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U.S. Kids Experiencing Less Violence: Surveys

U.S. Kids Experiencing Less Violence: Surveys

MONDAY, April 28, 2014 (HealthDay News) -- Fewer American children have been exposed to violent acts such as assault, bullying, sexual victimization and emotional abuse since 2003, a new study finds.

However, with the recent spate of school shootings, the many discussions of bullying and the fear of child sexual abuse and abduction, it may seem as if the problems are growing, the researchers noted.

"It is easy to conclude from media coverage that things are getting worse," said lead researcher David Finkelhor, director of the University of New Hampshire's Crimes Against Children Research Center.

Abductions, family homicides and bullying suicides, however, need to be framed in the context that overall safety for children has increased, he said. "We still have a long way to go, but we should not get discouraged," he suggested.

Finkelhor believes that these declines in violence are the result of prevention programs, new policing techniques, mental health treatment for aggressive behavior (specifically medication), and parenting education programs.

In addition, technology has helped in several possible ways, Finkelhor said.

"Cellphones allow people to summon help and escape from dangerous situations. Technology records crime, facilitates identification and prosecution, and so deters it. Young people do more of their risk taking online and at home, and it alleviates boredom, which is a big motivator of delinquency," he said.

Moreover, technology reduces face-to-face encounters that can lead to violence, the researchers added.

The report was published April 28 in the online edition of JAMA Pediatrics.

For the study, Finkelhor's team collected data from three national telephone surveys of children and parents on children's exposure to violence in 2003, 2008 and 2011.

Of the 50 specific types of violent and criminal acts that the investigators considered, 27 significantly declined and none significantly increased between 2003 and 2011.

Specifically, since 2003, assaults declined by 33 percent, physical intimidation and emotional victimization dropped by a third, sexual victimization declined by 25 percent and emotional abuse fell by 26 percent. However, between 2003 and 2011, the amount of physical abuse suffered by children hasn't changed, the study found.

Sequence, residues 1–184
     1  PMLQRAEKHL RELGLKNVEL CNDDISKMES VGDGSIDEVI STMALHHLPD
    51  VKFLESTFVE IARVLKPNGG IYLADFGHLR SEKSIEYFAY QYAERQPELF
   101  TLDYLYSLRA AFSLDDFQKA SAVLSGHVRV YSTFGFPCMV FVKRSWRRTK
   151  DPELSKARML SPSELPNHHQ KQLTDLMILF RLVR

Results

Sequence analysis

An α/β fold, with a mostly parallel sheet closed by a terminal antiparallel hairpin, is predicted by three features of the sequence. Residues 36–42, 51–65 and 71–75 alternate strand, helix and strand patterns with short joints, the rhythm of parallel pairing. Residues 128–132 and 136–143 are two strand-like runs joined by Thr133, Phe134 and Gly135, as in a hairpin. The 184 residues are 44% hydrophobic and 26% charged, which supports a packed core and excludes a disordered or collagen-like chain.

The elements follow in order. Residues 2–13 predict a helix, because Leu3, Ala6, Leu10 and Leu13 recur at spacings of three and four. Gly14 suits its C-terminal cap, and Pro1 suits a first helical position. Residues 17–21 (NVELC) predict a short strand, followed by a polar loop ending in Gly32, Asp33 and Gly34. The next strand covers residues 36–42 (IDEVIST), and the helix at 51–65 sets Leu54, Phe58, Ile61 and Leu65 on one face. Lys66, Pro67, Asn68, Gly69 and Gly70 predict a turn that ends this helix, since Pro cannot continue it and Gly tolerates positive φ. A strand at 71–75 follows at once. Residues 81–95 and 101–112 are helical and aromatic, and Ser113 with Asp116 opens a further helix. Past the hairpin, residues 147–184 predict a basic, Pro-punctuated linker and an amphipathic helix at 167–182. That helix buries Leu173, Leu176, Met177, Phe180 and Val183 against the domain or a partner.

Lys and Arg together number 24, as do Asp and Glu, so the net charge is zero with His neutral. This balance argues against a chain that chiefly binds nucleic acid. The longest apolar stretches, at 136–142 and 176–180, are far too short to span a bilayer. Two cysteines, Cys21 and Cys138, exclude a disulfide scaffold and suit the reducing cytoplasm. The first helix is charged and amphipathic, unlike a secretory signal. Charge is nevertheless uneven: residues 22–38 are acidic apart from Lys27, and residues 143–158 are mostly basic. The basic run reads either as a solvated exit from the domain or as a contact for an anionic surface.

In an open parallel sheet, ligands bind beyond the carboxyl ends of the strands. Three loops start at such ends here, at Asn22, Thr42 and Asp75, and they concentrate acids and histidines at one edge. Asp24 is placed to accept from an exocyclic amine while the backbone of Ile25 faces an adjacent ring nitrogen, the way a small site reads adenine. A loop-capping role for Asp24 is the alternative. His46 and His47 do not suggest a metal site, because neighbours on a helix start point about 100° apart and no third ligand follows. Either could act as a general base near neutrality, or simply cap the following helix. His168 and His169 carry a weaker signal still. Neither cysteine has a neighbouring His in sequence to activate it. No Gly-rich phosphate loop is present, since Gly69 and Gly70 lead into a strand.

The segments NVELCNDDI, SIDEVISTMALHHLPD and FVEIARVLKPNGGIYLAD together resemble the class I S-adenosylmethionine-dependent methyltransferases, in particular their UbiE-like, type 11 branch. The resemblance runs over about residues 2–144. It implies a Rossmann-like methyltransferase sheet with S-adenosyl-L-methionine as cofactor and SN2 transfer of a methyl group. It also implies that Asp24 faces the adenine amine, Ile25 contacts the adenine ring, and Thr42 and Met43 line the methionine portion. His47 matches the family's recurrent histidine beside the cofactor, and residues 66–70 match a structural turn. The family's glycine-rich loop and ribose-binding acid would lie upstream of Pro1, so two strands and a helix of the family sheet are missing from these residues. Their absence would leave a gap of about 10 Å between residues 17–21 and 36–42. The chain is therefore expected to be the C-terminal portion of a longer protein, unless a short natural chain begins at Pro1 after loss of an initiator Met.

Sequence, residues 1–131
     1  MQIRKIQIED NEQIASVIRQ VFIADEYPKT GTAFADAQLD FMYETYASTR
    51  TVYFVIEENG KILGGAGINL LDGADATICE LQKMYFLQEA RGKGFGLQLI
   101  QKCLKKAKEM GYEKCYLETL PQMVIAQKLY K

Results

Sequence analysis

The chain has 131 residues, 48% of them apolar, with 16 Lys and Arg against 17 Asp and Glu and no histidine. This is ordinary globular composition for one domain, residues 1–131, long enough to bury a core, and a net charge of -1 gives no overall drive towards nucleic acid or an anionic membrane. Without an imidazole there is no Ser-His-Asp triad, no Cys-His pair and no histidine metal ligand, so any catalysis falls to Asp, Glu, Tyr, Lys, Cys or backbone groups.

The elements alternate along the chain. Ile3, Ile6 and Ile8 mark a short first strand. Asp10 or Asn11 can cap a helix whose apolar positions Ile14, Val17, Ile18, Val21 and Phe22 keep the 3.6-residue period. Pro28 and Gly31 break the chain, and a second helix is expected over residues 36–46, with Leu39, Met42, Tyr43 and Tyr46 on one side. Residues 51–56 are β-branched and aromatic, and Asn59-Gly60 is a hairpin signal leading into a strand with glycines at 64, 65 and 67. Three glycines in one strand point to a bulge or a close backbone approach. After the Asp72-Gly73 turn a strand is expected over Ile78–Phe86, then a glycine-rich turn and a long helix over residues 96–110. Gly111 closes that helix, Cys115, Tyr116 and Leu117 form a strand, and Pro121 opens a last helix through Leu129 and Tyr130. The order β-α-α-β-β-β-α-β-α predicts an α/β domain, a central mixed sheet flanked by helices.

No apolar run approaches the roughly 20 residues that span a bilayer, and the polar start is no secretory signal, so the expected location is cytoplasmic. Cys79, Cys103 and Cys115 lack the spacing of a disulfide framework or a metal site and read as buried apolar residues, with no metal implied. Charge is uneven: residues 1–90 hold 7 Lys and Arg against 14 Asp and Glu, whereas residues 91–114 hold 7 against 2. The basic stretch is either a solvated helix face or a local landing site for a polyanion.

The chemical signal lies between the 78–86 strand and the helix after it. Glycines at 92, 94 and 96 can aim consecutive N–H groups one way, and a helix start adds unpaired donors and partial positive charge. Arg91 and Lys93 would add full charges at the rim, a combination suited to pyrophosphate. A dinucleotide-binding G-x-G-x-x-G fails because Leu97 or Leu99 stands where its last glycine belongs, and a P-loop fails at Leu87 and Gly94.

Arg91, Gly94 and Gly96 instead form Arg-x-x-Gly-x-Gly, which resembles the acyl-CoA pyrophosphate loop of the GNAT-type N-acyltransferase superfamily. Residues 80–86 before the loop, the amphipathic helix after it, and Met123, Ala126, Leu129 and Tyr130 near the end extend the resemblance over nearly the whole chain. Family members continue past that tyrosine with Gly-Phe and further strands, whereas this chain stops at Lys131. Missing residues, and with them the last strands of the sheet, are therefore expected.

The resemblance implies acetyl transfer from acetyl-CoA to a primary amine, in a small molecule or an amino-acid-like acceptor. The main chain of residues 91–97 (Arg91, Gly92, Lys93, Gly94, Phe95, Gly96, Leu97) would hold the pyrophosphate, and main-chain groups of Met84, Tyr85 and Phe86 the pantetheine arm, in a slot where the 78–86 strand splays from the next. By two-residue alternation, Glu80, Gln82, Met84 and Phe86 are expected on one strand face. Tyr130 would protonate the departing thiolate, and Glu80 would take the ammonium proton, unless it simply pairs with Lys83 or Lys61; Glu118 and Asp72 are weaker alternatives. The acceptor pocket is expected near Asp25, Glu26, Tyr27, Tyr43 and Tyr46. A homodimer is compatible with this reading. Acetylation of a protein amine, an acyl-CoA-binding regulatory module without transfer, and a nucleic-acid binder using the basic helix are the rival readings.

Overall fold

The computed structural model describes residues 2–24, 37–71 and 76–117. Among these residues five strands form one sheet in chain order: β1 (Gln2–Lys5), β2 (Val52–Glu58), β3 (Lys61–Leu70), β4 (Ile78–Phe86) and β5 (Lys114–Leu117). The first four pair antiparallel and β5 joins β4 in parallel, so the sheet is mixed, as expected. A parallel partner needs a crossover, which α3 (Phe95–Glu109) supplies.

The researchers noted that the rate of violent delinquency was cut almost in half as was the rate of destruction of property. The rate at which children witnessed violence also dropped, the authors said.

The new findings come on the heels of a 10-year study published earlier this month in the American Journal of Public Health that found a drop in bullying rates among U.S. teens.

John Lutzker, director of the Center for Healthy Development at Georgia State University, in Atlanta, co-wrote an editorial accompanying the new JAMA Pediatrics study.

"One case of violence against children is one case too many, but there has been a trend and violence is down," Lutzker said.

Despite this positive trend, Lutzker said that the United States has more cases of violence against children than most other developed countries: "So it's not all rosy."

Lutzker credits a number of factors in reducing violence against children. Public awareness is up, and social norms have changed: Violence is generally considered unacceptable, as is partner abuse and child abuse, he explained.

Moreover, programs to prevent maltreatment of children have been working, Lutzker said. And while social media significantly reduces face-to-face confrontations, cyber-bulling has been increasing, he added.

"There are some very promising trends," Lutzker said. "But we are far from solving all our problems related to violence."

More information

For facts on violence against children, visit the U.S. Centers for Disease Control and Prevention.

SOURCES: David Finkelhor, Ph.D., director, Crimes Against Children Research Center, University of New Hampshire, Durham, N.H.; John Lutzker, Ph.D., director, Center for Healthy Development, Georgia State University, Atlanta; April 28, 2014, JAMA Pediatrics, online

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